4 states abandon their CBDC project, hurray!

In an effort to shadow the emergence of cryptocurrency and thus strengthen control over their economies, several states around the world are working to develop central bank digital currencies (CBDCs). Some states like Nigeria have already launched their digital currencies. Other states are considering abandoning their CBDC project, which they do not find promising. The central banks of these states provide different information to justify this reversal. A look at four countries that have put an end to their CBDC development ambitions.

Ecuador, a CBDC based on a foreign currency

In 2014, the Banco Central del Ecuador (BCE) officially announced the development of its own digital currency. Known as Dinero Electrónico (DE), this CBDC aimed to increase financial inclusion and reduce the need for the central bank to hold and distribute large amounts of fiat currency.

In February 2015, Ecuador adopted its CBDC as a functional means of payment. This allowed users to open an account and conduct financial transactions easily. According to some sources, Ecuador’s CBDC gathered nearly 500,000 users between 2014 and 2018.

Successful CBDC you say? There was one important caveat. Ecuador’s CBDC was based on the U.S. dollar, not the country’s currency.

In March 2018, the Banco Central del Ecuador (BCE) finally deactivated its CBDC. Furthermore, Ecuador is apparently still skeptical of the whole CBDC phenomenon.

In August 2022, Andrés Arauz, the former general manager of Ecuador’s central bank, publicly disavowed the digital Euro.

For him, this CBDC could disrupt not only privacy but also democracy in the Eurozone.

The words of an IMF official who says that the CBDC is a powerful tool for controlling citizens prove that Andrés Arauz was not wrong at all.

Japan, a CBDC is a risk to financial stability

In October 2020, the Japanese central bank released its initial report on the development of CBDC.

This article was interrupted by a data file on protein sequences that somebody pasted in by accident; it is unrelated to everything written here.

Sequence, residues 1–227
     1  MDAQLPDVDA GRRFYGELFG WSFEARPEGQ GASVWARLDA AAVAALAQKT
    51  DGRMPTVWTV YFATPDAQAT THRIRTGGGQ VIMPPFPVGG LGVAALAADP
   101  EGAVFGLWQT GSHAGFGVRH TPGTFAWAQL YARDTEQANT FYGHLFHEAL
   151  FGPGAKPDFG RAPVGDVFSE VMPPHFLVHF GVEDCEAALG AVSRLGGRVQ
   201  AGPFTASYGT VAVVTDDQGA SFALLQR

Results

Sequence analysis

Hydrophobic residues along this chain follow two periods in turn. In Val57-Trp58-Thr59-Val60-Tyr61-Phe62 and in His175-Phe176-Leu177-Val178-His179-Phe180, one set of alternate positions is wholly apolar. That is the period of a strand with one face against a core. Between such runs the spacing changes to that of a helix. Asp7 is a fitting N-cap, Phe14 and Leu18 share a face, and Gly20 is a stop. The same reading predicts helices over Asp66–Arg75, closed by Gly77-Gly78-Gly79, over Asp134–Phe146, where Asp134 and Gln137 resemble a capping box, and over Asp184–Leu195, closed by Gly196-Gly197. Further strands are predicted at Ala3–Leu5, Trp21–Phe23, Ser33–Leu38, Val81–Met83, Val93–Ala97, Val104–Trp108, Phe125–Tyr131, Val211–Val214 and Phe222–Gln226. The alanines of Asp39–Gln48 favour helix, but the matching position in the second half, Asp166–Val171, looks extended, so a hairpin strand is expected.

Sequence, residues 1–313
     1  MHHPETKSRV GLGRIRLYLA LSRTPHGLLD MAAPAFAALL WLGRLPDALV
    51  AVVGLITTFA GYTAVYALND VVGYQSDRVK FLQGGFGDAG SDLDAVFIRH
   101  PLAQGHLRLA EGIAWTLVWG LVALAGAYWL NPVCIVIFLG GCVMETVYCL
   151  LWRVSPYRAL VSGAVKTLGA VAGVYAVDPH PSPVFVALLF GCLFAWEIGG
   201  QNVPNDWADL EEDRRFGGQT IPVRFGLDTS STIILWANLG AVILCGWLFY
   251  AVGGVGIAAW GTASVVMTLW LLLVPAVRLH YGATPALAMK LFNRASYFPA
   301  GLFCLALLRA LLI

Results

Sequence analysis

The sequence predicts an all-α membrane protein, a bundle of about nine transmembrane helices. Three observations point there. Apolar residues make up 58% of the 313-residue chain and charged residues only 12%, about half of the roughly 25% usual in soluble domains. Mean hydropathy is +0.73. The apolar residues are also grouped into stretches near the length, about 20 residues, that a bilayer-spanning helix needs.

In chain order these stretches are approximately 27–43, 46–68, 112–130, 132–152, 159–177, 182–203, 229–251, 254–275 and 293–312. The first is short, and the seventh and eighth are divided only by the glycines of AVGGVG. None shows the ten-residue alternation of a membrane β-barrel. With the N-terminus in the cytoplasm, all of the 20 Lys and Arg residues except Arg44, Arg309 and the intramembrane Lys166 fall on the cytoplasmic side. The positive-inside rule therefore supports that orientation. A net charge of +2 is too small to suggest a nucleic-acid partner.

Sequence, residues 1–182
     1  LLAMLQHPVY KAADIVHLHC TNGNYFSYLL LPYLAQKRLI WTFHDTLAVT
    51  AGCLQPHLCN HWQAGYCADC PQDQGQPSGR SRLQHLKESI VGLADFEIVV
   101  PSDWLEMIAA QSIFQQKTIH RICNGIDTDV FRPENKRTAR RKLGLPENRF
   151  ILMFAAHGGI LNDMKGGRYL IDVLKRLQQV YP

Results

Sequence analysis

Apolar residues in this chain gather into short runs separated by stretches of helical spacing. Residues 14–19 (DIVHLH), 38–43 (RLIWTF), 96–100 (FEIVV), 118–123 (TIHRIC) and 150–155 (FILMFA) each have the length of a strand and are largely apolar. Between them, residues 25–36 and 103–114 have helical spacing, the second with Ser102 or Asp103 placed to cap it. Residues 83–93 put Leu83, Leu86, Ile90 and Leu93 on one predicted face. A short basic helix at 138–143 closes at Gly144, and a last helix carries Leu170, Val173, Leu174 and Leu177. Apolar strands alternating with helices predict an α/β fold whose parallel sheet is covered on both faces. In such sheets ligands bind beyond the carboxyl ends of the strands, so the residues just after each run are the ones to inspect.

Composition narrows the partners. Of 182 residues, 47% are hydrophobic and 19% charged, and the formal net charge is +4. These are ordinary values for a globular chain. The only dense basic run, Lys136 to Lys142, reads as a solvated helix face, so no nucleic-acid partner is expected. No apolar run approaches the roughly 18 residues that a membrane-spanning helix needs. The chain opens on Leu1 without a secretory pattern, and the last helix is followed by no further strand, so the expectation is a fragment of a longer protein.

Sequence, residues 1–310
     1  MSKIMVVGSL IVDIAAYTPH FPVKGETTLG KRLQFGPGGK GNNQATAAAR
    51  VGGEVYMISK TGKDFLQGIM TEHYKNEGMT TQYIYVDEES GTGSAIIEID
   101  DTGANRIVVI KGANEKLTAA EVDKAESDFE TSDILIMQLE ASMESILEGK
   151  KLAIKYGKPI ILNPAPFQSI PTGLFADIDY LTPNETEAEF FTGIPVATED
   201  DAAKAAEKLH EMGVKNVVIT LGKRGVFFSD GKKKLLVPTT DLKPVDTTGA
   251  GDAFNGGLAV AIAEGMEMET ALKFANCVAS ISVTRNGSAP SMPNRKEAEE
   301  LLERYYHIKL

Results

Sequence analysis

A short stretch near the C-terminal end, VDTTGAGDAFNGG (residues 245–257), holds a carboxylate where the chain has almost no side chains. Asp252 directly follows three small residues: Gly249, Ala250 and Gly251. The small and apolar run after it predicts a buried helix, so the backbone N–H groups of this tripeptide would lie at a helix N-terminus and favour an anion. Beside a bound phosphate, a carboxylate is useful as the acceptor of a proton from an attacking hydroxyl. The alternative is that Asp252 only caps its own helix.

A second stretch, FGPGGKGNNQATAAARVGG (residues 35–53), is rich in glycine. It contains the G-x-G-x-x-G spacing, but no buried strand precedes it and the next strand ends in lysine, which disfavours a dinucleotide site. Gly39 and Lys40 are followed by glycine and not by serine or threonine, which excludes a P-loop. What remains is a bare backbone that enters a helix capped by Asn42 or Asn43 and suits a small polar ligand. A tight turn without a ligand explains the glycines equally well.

In early 2021, the banking institution began testing its CBDC with plans to complete the pilot phase in March 2022.

However, even before the CBDC trial was completed, the project was met with skepticism, including within the central bank. Indeed, the former head of the BOJ, Hiromi Yamaoka, advised against using CBDC last January.

He said the central bank’s digital currency posed risks to the country’s financial stability. In July 2022, the bank issued a report stating that it did not intend to issue a CBDC.

Denmark, a CBDC does not improve the financial infrastructure

Denmark was one of the first countries to explore the possibility of issuing a CBDC. In 2016, Danmarks Nationalbank began work on digitizing the national currency.

After experiments, the Danish central bank released a report rejecting the idea of launching a CBDC.

In a country with a very efficient payment infrastructure, Danmarks Nationalbank felt that CBDC would do little to improve the country’s financial infrastructure. In addition, the Danish central bank had concerns that CBDC would disrupt the private sector.

It is not clear how CBDCs will create significant added value over existing solutions in Denmark.

Danmarks Nationalbank

Finland, CBDC too expensive compared to debit cards

In 2020, Finland’s central bank published the lessons learned from the world’s first CBDC.

This report provided a description of its smart card system that it created in the 1990s. The Bank of Finland believes that this card can be considered the world’s first CBDC.

In 2006, the Central Bank of Finland finally abandoned the smart card. It had become more expensive than simple debit cards, according to the Bank of Finland.

While it has abandoned the CBDC project in its country, Finland seems to favor a digital Euro.

In August 2022, the Governor of the Bank of Finland, Olli Rehn, indicated that a digital euro could facilitate cross-border payments in Europe.

As Edward Snowden says, the central bank’s digital currency is a kind of crypto perversion. It could easily be used by autocratic regimes to tighten control over citizens and silence dissenting voices. Being endorsed to a national currency exposed to inflation, CBDC also does not protect citizens’ finances from losing value. The states that are pausing their CBDC project are probably being prescient. They should be joined in the future by others.